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Business Migration – A Closer Look at Canada’s PNPs & Start-Up Visa

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Date Published: July 20, 2023 | Date Updated: July 20th, 2023
By July 20, 2023 No Comments
Business Migration - A Closer Look at Canada’s PNPs & Start-Up Visa

Canada has always been immigrant-forward. The country even proclaims itself as a nation for immigrants built by immigrants, and the multitude of immigration channels it has open certainly supports this.

Among the various immigration programs Canada has are the Provincial Nominee Programs (PNPs), which are created by each province to better attract the specific type of immigrant that will fit its socioeconomic goals.

The federal government does not oversee PNPs; instead, each province handles its own program separately, awarding entrepreneurs with a temporary residence permit in exchange for investing in and managing a business within the province.

After a specific time has elapsed, typically two years but in some cases just one, the province will then nominate the entrepreneur for a permanent residency, which is issued by the federal government.

Once an investor obtains their permanent residence permit, they are no longer bound by their business and are free to do what they please and live where they want.

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After two more years, investors can then apply for Canadian citizenship.

PNPs come with differing requirements, be it the investment amount, net worth requirement, human capital factors such as education, experience, or English language proficiency, and business requirements such as hiring employees, servicing certain areas, or working in a specific sector.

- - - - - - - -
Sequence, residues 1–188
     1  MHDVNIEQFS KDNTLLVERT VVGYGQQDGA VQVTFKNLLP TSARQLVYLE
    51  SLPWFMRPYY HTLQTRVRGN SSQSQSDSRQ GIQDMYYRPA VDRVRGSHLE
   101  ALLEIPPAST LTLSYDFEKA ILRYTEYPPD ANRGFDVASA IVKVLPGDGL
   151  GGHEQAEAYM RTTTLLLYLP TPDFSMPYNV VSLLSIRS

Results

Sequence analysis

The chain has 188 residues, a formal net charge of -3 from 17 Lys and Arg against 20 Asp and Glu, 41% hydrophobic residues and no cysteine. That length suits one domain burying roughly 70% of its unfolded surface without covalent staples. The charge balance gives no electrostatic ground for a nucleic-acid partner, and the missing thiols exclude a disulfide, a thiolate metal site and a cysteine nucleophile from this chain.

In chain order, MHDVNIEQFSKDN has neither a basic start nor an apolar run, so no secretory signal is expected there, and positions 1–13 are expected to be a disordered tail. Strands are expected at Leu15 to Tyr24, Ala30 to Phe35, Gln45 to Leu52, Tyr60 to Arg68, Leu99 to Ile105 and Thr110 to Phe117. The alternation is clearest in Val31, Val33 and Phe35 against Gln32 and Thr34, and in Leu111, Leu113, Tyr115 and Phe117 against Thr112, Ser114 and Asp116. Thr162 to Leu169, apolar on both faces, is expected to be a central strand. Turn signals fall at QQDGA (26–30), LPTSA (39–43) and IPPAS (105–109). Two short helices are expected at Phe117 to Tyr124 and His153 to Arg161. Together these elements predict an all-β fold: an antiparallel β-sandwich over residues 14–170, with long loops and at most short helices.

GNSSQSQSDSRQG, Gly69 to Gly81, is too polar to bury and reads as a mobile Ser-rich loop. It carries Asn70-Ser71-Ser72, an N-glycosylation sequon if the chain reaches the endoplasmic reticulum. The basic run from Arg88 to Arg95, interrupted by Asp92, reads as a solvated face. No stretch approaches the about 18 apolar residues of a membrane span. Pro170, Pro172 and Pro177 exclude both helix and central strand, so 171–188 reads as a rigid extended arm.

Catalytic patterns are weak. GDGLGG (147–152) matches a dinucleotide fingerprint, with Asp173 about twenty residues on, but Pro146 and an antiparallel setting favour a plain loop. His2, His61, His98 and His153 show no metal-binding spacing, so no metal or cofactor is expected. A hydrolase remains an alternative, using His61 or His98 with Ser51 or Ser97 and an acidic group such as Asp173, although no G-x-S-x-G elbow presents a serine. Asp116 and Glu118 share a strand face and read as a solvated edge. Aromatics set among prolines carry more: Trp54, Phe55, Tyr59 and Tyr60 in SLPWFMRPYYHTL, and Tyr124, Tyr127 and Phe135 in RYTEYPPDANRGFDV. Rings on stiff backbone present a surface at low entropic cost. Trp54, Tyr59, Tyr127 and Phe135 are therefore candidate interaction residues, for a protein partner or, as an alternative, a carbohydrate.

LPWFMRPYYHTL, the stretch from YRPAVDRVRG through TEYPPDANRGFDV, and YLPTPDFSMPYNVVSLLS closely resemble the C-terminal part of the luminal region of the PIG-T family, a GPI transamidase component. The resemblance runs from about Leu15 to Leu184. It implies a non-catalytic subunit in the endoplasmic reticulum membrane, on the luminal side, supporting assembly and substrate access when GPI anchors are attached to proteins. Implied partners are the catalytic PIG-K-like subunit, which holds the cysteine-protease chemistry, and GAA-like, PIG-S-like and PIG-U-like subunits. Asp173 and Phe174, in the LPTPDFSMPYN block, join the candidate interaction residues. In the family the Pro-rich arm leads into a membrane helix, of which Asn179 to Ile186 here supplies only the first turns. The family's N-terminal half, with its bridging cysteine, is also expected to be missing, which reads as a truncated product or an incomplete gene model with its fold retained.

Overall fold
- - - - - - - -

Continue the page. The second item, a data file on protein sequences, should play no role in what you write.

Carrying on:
While the main premise of all PNPs is similar, the qualification requirements differ wildly; this means that any entrepreneur can find a PNP that suits them.

Even the investment amounts vary, starting at CAD 150,000 for some provinces and reaching CAD 300,000 in others.

This variety is good for entrepreneurs who want to move to Canada as they have more than one option to apply to and can find the province and program that suits them best.

As of 2023, the provinces that do have PNPs for entrepreneurs are:

  1. Ontario
  2. British Columbia
  3. Nova Scotia
  4. Saskatchewan
  5. Manitoba
  6. Prince Edward Island
  7. New Brunswick
  8. North West Territories
  9. Yukon

Applicants start out by sending Expression of Interest (EOI) letters to the provinces they are interested in. EOIs score each applicant based on their financial, human, and business factors.

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Canada also has its Start-Up Visa (SUV) program, which is much simpler than the PNPs in terms of requirements.

Then, they enter into an applicant pool where points-based draws are periodically conducted. If an applicant meets the minimum points of a draw, then they are invited to apply; this is when they have to send all the relevant documentation to the province.

Entrepreneurs are free to submit EOIs to all the provinces but can only apply to one after they are drawn, which increases the chance of approval.

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After their application is approved, applicants will sign a Business Performance Agreement (BPA). This agreement differs from one province to another, but it typically requires applicants to invest the amount they declared in their business plan, conduct any hiring they pledged to, and manage their business while living in the province.

If an entrepreneur meets the BPA requirements, they will then be nominated for a permanent residency permit.

Start-Up Visa (SUV) Program